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Title: Inference of recombination properties in bacteria from whole genomes
Author: Ansari, M. Azim
Awarding Body: University of Oxford
Current Institution: University of Oxford
Date of Award: 2014
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The concept of species in bacteria is a matter of contention. The current definition is based on DNA-DNA hybridisation and does not account for evolutionary forces that are important in demarcating species. In this thesis we investigate two evolutionary forces that are important in speciation in bacteria, propose novel statistical models for them and infer parameters of interest. We present the first attempt at inferring the bias in the recombination process from whole bacterial genomes. Despite empirical evidence that recombination is biased and theoretical results that this bias is important in speciation, it is usually ignored. We propose a coalescent based model that accounts for the bias in the recombination process. We use approximate Bayesian computation for inference and describe an efficient method for simulating from the model. We show that our method performs well on simulated datasets and is robust to slight misspecification of the history of the samples. Application of our method to a Bacillus cereus dataset shows that it contain evidence that the recombination process depends on the evolutionary distance between donors and recipients. We demonstrate that the rate of bias in the recombination process for this dataset is far lower than what theoretical studies require for the spontaneous generation of populations that can be called species under neutral model. Next we propose a model for occurrence of adaptive events on a phylogenetic tree. We use the model to infer the boundaries of clusters on a phylogenetic tree that correspond to ecologically distinct lineages. we characterise our method using simulated datasets and show that it is conservative in estimating the number of adaptive events. Finally we apply our method to two bacterial datasets of Salmonella enterica and Vibrionaceae. We show that there is decisive evidence that isolates in these datasets partition into numerous ecologically distinct lineages and use our method to delineate the boundaries of these lineages.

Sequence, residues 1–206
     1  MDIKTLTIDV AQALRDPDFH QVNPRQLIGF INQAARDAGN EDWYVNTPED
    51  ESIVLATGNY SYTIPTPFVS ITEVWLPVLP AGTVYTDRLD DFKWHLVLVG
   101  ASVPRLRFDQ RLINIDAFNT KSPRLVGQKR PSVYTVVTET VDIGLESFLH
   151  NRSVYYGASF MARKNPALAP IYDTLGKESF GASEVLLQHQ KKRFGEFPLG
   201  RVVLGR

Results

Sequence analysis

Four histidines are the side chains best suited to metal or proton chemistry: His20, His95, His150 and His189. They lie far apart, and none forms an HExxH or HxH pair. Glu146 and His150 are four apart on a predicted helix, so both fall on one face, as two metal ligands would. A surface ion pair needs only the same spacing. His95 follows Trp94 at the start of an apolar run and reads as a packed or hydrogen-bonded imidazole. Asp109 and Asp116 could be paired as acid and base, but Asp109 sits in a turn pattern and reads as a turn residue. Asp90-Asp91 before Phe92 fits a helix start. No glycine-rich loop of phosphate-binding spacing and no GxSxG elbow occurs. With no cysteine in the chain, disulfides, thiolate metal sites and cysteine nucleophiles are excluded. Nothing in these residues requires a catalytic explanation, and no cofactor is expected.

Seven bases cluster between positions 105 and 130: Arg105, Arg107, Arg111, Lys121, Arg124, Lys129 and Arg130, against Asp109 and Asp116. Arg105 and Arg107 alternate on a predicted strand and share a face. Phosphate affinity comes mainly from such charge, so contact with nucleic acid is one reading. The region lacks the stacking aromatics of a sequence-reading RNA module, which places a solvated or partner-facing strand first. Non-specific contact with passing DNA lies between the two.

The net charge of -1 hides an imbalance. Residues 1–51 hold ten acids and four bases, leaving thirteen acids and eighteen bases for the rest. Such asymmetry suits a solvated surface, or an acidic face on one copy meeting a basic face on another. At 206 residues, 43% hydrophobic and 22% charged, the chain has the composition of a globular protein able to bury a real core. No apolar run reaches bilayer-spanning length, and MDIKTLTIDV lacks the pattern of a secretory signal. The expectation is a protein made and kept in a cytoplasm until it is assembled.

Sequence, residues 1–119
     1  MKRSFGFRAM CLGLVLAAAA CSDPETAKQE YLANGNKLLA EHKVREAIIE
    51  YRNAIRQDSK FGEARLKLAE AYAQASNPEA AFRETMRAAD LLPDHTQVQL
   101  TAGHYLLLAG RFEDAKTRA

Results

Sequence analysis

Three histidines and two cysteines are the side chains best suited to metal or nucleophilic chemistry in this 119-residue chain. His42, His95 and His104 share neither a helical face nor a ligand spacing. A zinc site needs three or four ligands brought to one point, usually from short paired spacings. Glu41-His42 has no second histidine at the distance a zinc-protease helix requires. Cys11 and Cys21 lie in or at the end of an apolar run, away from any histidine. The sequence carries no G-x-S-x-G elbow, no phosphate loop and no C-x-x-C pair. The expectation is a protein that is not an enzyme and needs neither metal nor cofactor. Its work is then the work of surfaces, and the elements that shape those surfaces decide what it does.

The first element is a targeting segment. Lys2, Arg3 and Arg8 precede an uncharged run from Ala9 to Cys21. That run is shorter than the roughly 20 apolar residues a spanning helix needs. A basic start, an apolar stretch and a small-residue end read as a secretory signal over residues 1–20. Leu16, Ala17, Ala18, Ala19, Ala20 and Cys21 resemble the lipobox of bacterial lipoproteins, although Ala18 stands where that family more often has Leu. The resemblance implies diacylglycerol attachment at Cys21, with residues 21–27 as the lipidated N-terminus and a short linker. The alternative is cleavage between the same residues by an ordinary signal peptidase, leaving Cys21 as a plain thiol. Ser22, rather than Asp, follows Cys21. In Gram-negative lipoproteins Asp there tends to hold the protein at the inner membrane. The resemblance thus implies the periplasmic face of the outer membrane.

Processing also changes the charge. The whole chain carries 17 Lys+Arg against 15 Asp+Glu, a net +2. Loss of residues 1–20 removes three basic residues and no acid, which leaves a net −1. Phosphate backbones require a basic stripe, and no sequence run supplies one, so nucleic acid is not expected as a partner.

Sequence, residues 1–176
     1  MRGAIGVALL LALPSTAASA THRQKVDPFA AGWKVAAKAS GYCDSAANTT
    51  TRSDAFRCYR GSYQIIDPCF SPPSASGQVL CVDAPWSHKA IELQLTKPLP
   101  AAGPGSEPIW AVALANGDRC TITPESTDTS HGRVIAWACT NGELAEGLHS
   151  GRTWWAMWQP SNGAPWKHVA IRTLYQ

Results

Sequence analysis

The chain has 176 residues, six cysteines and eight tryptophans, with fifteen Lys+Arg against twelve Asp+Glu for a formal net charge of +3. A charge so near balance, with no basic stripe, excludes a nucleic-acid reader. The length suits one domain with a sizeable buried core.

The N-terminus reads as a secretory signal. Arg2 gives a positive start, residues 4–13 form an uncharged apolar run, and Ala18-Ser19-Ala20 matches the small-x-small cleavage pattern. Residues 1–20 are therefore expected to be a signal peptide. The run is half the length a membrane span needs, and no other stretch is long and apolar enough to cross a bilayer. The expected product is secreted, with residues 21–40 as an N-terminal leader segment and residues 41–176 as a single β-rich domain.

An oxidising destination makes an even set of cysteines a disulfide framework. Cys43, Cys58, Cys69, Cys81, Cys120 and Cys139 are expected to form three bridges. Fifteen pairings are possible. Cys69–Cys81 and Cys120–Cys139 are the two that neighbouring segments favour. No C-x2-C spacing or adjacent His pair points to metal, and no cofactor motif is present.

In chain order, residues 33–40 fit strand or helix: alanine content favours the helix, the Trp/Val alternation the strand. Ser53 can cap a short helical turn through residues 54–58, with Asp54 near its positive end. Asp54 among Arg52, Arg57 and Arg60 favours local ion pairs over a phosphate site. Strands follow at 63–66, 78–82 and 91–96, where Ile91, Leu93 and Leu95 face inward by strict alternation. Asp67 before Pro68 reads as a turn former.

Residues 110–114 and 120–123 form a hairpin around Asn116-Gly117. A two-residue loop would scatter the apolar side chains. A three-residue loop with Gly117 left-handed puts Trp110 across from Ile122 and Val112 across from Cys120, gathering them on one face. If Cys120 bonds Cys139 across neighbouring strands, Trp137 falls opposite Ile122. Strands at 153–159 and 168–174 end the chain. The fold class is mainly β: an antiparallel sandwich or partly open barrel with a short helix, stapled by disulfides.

Supervisor: Didelot, Xavier ; Bowden, Rory Sponsor: Engineering and Physical Sciences Research Council
Qualification Name: Thesis (Ph.D.) Qualification Level: Doctoral
EThOS ID:  DOI: Not available
Keywords: Population genetics of bacteria ; Bacterial speciation ; Bacterial recombination ; Coalescent theory ; Gene-conversion recombination